Ryerson researcher using smart analytics to protect smart meter data

Researcher: Dr. Andriy Miranskyy, Ryerson University
Project title: Smart Analytics for Smart Grid
Industry Partners: IBM Canada Ltd.
Supported by: SOSCIP, Federal Economic Development Agency for Southern Ontario, IBM Canada Ltd., Ryerson University’s Faculty of Science

Cybersecurity Energy

How we use energy reveals vital information about our everyday behaviour – from our work and school schedules to when we are likely to be sleeping, eating and performing simple chores such as laundry or washing dishes. It even reveals when we are on vacation.

While this information in the wrong hands could put us at risk, it also plays an important role in reducing our carbon footprint and ensuring the cost of energy is kept relatively low.

Power generation companies use information derived from microclimate, small areas within general climate zones, to accurately predict power generation needs. Microclimate information is captured from smart meters, which wirelessly transmits data from our homes to utility companies.

Considering that more than one million smart meters have been installed in Ontario homes since 2010 and that number continues to grow, it’s necessary to find a way to ensure the data captured by smart meters is protected and secure from threat.

A professor from Ryerson University’s Department of Computer Science, Andriy Miranskyy, and his team, are using SOSCIP’s computing platforms to help power generation companies capture the data they need to accurately make these predictions while also respecting consumers’ privacy.

The interdisciplinary team includes IBM Canada’s Dr. Biruk Habtemariam, Prof. Ali Miri from Ryerson University, Prof. Saeed Samet from Memorial University and Prof. Matt Davison from Western University. Their goal is to develop data aggregation and obfuscation techniques that will prevent privacy violation, yet yield the information needed for accurate prediction of power consumption.

“This will enable utility companies to open up data to external groups without jeopardizing the privacy of the millions of people they’re collecting data from,” explained Miranskyy.

The team is using the SOSCIP Cloud Data Analytics Platform to test the formula’s validity using simulated data. The Cloud platform, which is based at Western University, is being used to develop an algorithm which will allow them to predict electricity usage in near-real time by a third party while keeping the data captured by smart meters secure. Essentially, the secure linear regression algorithm allows researchers to compute numbers without actually being able to view those numbers.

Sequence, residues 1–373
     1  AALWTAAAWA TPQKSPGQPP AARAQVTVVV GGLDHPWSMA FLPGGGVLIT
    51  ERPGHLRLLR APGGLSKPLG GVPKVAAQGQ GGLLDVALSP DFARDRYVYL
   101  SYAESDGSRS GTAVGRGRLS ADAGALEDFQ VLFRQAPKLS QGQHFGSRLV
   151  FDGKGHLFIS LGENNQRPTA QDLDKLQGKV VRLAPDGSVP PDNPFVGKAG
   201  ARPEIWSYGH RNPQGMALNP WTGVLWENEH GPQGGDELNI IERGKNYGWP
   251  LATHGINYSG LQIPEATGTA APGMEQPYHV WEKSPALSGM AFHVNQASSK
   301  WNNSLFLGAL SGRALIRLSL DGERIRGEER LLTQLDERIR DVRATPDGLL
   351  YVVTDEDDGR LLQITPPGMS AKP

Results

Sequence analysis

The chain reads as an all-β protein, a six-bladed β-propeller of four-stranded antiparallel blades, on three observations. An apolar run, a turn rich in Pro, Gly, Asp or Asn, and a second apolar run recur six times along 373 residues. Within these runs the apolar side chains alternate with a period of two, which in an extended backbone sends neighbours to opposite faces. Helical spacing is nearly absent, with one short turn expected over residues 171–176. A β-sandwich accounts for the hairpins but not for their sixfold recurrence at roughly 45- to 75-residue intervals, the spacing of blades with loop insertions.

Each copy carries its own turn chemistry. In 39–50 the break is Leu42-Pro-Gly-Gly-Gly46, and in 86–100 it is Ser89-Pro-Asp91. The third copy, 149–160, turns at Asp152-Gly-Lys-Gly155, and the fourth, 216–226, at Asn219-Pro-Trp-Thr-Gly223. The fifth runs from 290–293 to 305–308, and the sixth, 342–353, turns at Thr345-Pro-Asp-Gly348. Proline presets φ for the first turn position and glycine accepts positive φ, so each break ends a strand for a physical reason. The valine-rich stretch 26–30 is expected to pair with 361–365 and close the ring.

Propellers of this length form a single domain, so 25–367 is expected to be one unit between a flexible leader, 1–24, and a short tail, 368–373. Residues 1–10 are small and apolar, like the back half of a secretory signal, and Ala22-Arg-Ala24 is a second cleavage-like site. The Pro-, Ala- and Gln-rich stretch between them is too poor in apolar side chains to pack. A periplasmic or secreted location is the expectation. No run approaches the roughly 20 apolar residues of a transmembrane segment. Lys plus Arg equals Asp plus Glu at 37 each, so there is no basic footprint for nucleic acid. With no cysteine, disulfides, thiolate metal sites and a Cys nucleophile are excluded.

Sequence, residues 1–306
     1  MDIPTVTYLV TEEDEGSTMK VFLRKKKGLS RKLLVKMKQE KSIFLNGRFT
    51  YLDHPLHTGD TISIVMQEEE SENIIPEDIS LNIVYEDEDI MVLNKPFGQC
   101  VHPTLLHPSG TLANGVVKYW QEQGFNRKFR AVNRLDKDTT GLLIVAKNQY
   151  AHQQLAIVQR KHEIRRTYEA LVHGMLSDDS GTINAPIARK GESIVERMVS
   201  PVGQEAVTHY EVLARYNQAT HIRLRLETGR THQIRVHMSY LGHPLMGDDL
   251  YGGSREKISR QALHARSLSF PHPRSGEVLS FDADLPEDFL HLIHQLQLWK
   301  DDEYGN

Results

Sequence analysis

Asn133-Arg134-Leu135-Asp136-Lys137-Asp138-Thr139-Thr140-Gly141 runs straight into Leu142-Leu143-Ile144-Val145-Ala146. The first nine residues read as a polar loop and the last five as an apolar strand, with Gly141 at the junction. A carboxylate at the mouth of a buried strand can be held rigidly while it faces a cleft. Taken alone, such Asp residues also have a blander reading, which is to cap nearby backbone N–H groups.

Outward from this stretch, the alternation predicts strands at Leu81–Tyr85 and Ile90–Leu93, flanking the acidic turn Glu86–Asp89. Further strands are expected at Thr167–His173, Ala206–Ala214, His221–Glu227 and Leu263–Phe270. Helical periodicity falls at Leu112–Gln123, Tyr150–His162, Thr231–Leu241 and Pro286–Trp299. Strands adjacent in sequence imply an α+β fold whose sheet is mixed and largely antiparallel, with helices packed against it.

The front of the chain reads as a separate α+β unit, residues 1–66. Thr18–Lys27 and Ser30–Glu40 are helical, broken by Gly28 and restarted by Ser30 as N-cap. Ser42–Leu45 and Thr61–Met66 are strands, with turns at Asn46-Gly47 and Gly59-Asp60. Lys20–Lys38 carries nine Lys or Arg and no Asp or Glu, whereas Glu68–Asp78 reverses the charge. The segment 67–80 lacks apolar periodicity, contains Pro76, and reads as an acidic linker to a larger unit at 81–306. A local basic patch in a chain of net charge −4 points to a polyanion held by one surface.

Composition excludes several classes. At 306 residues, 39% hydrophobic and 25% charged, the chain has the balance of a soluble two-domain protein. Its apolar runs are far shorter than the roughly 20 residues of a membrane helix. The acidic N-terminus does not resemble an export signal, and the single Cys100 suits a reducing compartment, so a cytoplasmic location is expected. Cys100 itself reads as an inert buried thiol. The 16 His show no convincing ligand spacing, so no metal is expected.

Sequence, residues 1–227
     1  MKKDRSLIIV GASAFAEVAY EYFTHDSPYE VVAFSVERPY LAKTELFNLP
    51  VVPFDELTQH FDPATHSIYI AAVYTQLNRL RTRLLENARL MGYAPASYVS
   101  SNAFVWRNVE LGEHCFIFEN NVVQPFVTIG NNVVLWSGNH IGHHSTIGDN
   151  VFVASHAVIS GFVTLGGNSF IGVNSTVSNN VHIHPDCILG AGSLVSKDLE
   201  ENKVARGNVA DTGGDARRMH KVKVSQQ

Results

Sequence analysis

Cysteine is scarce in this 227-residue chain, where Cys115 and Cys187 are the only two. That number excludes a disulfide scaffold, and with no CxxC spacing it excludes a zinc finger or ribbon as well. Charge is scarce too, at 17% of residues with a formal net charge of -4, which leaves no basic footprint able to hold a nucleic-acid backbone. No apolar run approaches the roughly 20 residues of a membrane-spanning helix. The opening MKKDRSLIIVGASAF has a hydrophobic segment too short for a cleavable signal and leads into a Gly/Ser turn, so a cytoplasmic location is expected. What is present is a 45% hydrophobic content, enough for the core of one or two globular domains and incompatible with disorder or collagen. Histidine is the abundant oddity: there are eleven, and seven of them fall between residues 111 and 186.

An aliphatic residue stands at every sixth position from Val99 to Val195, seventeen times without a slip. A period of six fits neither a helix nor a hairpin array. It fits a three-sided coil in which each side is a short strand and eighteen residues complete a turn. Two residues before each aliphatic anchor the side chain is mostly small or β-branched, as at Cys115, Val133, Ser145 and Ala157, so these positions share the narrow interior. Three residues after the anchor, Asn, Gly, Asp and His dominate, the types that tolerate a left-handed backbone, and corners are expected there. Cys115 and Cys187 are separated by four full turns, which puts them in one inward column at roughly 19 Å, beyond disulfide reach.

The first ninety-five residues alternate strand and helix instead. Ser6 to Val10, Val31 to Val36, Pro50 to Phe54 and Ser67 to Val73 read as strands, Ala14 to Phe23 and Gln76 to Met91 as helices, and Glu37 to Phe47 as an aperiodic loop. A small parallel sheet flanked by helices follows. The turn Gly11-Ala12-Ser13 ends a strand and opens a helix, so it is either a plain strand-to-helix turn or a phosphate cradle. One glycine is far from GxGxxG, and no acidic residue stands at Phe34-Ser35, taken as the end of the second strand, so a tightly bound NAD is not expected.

The SOSCIP Cloud Data Analytics Platform is the first research-dedicated cloud-based analytics environment in Canada and is unique in that it provides access to a broad array of IBM software tools for application development and data analytics which can be combined with user-specific and other open source software to create customized virtual machines to meet project demands.

“The goal is to make Ontario a leader in this fast growing technology area,” said Miranskyy. “Allowing utility companies and other third parties to provide better services to Ontario residents, leading to energy conservation and reduced infrastructure costs.”

The team’s work, Privacy Preserving Predictive Analytics with Smart Meters, has been published to appear in the Proceedings of the 5th IEEE International Congress on Big Data, 2016.


SOSCIP is a research and development consortium that pairs academic and industry researchers with advanced computing tools to fuel Canadian innovation. SOSCIP supports projects that have the potential to have a considerable impact on the lives of Canadians, within areas such as water, cities, health and cybersecurity. The consortium includes 15 of Ontario’s most research-intensive academic institutions as well as Ontario Centres of Excellence and the IBM Canada Research and Development Centre.